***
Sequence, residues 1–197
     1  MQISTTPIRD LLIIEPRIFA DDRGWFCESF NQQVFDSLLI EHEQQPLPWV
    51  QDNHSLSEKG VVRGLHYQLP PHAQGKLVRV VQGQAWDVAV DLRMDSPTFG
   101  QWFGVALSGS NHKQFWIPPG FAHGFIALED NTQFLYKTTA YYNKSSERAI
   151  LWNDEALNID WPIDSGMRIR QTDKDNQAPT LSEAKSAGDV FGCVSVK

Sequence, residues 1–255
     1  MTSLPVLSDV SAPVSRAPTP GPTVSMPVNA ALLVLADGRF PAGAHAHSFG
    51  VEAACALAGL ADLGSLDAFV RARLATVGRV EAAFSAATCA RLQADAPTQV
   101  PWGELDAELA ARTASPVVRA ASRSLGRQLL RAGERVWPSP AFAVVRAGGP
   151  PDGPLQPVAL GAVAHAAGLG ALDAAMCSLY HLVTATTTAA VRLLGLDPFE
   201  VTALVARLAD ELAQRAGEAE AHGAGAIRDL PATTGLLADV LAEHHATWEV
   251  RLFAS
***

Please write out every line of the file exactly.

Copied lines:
Sequence, residues 1–197
     1  MQISTTPIRD LLIIEPRIFA DDRGWFCESF NQQVFDSLLI EHEQQPLPWV
    51  QDNHSLSEKG VVRGLHYQLP PHAQGKLVRV VQGQAWDVAV DLRMDSPTFG
   101  QWFGVALSGS NHKQFWIPPG FAHGFIALED NTQFLYKTTA YYNKSSERAI
   151  LWNDEALNID WPIDSGMRIR QTDKDNQAPT LSEAKSAGDV FGCVSVK

Sequence, residues 1–255
     1  MTSLPVLSDV SAPVSRAPTP GPTVSMPVNA ALLVLADGRF PAGAHAHSFG
    51  VEAACALAGL ADLGSLDAFV RARLATVGRV EAAFSAATCA RLQADAPTQV
   101  PWGELDAELA ARTASPVVRA ASRSLGRQLL RAGERVWPSP AFAVVRAGGP
   151  PDGPLQPVAL GAVAHAAGLG ALDAAMCSLY HLVTATTTAA VRLLGLDPFE
   201  VTALVARLAD ELAQRAGEAE AHGAGAIRDL PATTGLLADV LAEHHATWEV
   251  RLFAS